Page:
# Question related to the expression of prime, twin-prime, and Sophie Germain prime counting functions in terms of Mertens function

This question assumes the following definitions.

(1) $$\quad\pi(x)==\sum\limits_{p\le x}1\qquad\text{(prime counting function where p\in P is a prime})$$

(2) $$\quad\pi_2(x)==\sum\limits_{p_2\le x}1\qquad\text{(twin-prime counting function where p_2\in P_2 is a twin-prime)}$$

(3) $$\quad\pi_{sg}(x)==\sum\limits_{p_{sg}\le x}1\qquad\text{(Sophie Germain prime counting function where }\\$$ $$\qquad\qquad\qquad\qquad\qquad\qquad\qquad\qquad\qquad\qquad\qquad\text{p_{sg}\in P_{sg} is a Sophie Germain prime)}$$

(4) $$\quad M(x)=\sum\limits_{n\le x}\mu[n]\qquad\text{(Mertens function)}$$

I believe the prime counting functions defined in (1) to (3) above can be expressed in terms of Mertens function defined in (4) above as follows where

• $$\nu(n)$$ is the number of distinct primes $$p$$ dividing $$n$$,
• $$\nu_2(n)$$ is the number of distinct twin-primes $$p_2$$ dividing $$n$$, and
• $$\nu_{sg}(n)$$ is the number of distinct Sophie Germain primes $$p_{sg}$$ dividing $$n$$.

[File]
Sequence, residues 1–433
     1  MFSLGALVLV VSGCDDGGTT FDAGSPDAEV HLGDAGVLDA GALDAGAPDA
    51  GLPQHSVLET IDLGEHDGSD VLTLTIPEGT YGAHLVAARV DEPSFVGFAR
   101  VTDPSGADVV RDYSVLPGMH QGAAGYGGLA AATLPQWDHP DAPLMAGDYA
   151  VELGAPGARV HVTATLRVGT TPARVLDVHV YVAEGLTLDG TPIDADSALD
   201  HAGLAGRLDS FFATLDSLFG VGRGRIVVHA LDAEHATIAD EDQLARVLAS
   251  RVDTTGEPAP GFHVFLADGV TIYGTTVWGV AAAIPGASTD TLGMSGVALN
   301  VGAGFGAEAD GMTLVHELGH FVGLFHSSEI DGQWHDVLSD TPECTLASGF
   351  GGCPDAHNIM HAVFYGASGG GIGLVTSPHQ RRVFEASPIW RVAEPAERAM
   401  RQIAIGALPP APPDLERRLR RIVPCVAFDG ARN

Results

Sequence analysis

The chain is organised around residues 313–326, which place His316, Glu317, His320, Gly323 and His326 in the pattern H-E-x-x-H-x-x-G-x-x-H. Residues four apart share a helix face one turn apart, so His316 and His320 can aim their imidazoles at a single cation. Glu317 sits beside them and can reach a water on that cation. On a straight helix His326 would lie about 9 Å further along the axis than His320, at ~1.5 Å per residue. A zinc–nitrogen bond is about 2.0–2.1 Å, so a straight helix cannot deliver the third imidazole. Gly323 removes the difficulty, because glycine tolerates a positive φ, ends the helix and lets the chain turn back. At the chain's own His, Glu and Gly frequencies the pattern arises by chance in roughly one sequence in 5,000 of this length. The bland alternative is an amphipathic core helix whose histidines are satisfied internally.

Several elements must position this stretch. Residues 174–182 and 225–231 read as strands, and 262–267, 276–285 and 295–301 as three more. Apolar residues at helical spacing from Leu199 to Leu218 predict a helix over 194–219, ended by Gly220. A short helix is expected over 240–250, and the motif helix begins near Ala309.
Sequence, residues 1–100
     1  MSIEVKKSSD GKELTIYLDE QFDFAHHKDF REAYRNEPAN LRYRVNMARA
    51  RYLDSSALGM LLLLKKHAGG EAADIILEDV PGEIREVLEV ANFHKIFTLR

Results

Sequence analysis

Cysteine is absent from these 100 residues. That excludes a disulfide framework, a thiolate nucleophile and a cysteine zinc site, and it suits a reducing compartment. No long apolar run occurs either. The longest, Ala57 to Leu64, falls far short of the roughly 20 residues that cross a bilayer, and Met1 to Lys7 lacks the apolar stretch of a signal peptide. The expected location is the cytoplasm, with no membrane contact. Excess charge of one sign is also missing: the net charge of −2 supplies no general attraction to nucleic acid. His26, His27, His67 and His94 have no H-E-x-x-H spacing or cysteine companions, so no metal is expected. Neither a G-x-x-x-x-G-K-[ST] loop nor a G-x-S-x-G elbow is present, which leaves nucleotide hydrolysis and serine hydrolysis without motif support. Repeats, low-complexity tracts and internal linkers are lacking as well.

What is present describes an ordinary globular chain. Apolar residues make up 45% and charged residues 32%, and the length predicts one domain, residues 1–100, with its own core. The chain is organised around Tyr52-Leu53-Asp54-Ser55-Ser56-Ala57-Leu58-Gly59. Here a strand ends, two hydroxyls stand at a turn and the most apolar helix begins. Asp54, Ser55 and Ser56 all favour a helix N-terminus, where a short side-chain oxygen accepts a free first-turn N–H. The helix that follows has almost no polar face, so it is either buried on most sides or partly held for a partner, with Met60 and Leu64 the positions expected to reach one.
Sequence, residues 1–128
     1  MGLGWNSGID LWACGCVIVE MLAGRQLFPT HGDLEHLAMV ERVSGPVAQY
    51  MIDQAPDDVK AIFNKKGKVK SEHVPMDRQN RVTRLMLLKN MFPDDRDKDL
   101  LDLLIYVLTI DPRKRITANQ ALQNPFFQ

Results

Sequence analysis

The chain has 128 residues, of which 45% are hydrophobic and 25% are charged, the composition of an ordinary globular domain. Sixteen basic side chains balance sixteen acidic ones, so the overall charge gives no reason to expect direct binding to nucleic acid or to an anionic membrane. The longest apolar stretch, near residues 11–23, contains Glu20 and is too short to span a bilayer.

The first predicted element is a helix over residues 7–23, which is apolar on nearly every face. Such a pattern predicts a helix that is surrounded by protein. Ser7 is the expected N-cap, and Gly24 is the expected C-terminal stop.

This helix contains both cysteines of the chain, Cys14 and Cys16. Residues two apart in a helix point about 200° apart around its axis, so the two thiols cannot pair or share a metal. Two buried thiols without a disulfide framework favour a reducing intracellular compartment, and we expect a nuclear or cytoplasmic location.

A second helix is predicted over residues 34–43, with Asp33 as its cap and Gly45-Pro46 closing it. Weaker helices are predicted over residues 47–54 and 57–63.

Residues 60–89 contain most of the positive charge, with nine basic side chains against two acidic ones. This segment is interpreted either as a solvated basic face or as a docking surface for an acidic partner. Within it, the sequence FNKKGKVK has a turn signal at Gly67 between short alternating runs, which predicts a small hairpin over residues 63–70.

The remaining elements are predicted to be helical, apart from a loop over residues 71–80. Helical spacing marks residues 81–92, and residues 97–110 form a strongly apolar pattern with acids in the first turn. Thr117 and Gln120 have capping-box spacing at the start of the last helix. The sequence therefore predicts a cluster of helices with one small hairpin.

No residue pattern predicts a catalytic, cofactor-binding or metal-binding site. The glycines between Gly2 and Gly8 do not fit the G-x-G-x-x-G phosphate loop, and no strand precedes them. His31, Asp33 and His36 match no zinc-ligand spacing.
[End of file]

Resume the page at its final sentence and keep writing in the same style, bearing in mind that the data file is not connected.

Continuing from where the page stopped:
(5) $$\quad\pi(x)==\sum\limits_{n\le x}\nu(n)\ M\left(\frac{x}{n}\right)$$

(6) $$\quad\pi_2(x)==\sum\limits_{n\le x}\nu_2(n)\ M\left(\frac{x}{n}\right)$$

(7) $$\quad\pi_{sg}(x)==\sum\limits_{n\le x}\nu_{sg}(n)\ M\left(\frac{x}{n}\right)$$

Formulas (5) to (7) are related to the following more general conjectured relationship which I've tested on several additional functions over small ranges of $$x$$.

(8) $$\quad f(x)=\sum\limits_{n\le x} a(n)=\sum\limits_{n\le x} b(n)\ M(\frac{x}{n})\,,\quad b(n)=\sum\limits_{k|n} a(n)$$

Question: Can the conjectured relationship illustrated in (8) above be proven which would also imply the correctness of formulas (5) to (7) above?

Obviously, by the properties of generalized convolution, we have

$$\sum_{n\le x}(f*g)(n)=\sum_{n\le x}f(n)\sum_{m\le x/n}g(m)$$

As a result

$$\sum_{n\le x}b(n)M\left(\frac xn\right)=\sum_{n\le x}b(n)\sum_{m\le x/n}\mu(m)=\sum_{n\le x}(b*\mu)(n)$$

By the definition of $$b(n)$$ and the associativity and commutativity of Dirichlet convolution, we deduce

$$(b*\mu)(n)=((1*a)*\mu)(n)=(a*(1*\mu))(n)=a(n)$$

Accordingly, your conjectured relationship is true.